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Iraqi security forces retake Salahudin province
Iraqi security forces on Wednesday carried out operations to seize a strategic highway in Salahudin province, while battles with extremist Sunni insurgents continued in the province, security sources said.
The security forces, backed by armored vehicles and helicopters captured large areas surrounding the highway north of the militants-seized provincial capital city of Tikrit, some 170 km north of Baghdad, a provincial security source told Xinhua on condition of anonymity.
The strategic highway links Tikrit to the refinery city of Baiji, some 30 km to the north, which is also under the control of the militants, the source said.
The troops clashed with some insurgent militants when they seized the areas located to the north of the military air base in north of Tikrit, which previously was used by the U.S. forces, known as Camp Speicher, leaving many militants killed and destroying six of their vehicles, the source said.
The offensive is designed to link the troops' presence on the highway near Tikrit to the troops in camp Speicher and Baiji refinery, just outside Baiji city, so that the security forces would be in a better situation preparing for further offensives to recapture the cities of Tikrit and Baiji, the source said.
Wednesday operations came after several failed attempts by the Iraqi security forces to retake control of Tikrit, the hometown of former president Saddam Hussein. The city has been under the control of Sunni militants since June 11.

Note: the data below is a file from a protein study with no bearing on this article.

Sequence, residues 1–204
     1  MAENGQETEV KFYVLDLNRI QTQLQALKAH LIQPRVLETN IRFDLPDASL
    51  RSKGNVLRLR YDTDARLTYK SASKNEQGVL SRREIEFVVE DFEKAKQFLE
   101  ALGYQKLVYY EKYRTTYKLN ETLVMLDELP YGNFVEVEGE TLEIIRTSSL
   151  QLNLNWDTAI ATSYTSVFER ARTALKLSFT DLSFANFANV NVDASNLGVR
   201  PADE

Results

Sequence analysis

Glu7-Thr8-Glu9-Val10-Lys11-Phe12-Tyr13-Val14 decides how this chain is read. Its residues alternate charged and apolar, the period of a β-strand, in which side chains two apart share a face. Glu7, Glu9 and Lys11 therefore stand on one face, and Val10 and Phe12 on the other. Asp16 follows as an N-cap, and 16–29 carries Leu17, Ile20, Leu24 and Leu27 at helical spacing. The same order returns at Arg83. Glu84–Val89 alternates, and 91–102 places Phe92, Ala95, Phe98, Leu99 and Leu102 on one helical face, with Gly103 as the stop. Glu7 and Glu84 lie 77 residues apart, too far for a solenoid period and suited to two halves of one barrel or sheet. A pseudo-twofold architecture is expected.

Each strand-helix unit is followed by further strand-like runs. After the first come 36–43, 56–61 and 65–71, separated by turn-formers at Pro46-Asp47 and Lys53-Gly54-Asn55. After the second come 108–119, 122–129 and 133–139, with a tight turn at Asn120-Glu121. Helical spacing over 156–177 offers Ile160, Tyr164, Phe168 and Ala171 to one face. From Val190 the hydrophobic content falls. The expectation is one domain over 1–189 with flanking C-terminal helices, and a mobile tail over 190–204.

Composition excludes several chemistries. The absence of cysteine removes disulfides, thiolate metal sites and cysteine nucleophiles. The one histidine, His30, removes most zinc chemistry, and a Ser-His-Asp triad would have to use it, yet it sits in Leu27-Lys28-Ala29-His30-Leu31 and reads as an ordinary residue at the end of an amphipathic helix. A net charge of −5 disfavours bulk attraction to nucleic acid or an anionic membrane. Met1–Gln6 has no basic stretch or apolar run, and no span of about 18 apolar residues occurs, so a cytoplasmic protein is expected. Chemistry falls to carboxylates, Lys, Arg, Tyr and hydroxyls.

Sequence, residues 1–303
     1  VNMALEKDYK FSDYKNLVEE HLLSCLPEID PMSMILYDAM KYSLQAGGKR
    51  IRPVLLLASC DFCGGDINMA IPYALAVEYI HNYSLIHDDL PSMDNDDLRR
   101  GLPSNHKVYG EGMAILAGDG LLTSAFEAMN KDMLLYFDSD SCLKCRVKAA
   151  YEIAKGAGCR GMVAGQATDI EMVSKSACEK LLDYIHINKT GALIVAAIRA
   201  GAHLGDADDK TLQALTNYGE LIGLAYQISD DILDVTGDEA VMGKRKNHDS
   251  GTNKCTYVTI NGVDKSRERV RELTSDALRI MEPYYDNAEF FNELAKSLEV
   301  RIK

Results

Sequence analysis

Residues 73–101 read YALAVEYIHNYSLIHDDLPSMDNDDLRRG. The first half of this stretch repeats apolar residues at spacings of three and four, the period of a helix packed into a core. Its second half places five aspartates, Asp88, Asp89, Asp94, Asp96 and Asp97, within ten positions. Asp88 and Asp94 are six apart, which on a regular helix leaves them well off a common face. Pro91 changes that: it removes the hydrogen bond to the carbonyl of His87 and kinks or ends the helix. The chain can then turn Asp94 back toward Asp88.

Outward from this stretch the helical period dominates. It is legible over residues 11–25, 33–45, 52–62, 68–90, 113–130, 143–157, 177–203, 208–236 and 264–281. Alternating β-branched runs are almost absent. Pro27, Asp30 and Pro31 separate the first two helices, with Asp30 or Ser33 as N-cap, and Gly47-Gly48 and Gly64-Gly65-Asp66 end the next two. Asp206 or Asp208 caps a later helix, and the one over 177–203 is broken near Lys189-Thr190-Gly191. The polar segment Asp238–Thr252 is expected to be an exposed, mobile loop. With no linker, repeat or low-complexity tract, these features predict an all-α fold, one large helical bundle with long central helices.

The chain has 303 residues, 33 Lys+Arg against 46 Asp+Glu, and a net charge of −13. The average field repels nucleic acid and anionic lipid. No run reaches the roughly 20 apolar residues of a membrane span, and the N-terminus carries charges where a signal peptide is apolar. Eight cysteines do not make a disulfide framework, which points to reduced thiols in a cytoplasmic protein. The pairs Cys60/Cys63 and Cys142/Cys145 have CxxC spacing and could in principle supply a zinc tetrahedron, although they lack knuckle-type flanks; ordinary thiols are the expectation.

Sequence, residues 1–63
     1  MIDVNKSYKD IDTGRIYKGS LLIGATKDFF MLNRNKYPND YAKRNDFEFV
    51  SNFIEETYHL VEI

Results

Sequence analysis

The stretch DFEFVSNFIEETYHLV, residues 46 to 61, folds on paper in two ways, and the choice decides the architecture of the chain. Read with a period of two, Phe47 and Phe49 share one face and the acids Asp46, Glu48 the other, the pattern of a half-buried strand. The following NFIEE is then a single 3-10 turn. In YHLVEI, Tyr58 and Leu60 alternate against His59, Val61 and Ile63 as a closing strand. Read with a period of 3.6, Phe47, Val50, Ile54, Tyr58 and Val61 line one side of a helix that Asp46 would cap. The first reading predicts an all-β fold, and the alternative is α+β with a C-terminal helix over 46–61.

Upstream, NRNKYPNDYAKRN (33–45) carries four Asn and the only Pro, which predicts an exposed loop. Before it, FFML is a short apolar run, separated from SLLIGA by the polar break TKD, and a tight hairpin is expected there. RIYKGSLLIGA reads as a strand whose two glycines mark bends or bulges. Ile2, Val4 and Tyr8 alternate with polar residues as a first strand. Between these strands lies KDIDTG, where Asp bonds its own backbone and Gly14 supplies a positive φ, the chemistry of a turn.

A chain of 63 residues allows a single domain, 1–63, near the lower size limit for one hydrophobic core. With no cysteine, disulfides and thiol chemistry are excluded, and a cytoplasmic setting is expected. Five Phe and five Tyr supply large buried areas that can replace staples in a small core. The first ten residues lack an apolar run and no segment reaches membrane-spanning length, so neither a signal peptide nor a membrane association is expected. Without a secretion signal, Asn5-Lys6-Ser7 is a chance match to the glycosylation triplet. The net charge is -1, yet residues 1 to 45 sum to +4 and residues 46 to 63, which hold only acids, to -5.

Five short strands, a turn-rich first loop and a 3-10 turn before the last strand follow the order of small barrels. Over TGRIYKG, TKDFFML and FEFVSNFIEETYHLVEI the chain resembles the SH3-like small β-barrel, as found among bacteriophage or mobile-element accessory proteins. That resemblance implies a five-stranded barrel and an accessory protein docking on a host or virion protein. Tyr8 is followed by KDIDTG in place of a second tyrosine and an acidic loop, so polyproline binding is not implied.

Separately, the security forces backed by thousands of Shiite militiamen are gathering in areas around the Shiite Turkoman town of Amerli, some 90 km east of Tikrit, which has been under the siege of the Islamic State militants, in preparation for a battle to break the siege of the town amid fears for the residents in the town who are facing acute shortage of food and water, the source said.
Iraqi army helicopter gunships carried out several air strikes against the militants in villages surrounding Amerli, the source added.
Also in Salahudin province, Islamic State militants carried out an attack to seize the town of Duluiyah, some 90 km north of Baghdad, in the early morning hours, but were repelled by local Sunni tribal fighters and local police, leaving at least 14 militants killed, including a suicide bomber, while five of the tribal fighters were wounded by the clashes, the town's police chief Colonel Qandil al-Jubouri told Xinhua.
During the past few weeks, al-Jubour tribal fighters in Duluiyah and the town's policemen have repelled many attacks by the Islamic State militants which tried to capture the town.
The security situation began to drastically deteriorate in Iraq on June 10, when bloody clashes broke out between Iraqi security forces and hundreds of Sunni militants, who took control of the country's northern city of Mosul and later seized swathes of territories after the Iraqi security forces abandoned their posts in Nineveh and other predominantly Sunni provinces.
[Source: Xinhua, Baghdad, 27Aug14]
War in Iraq
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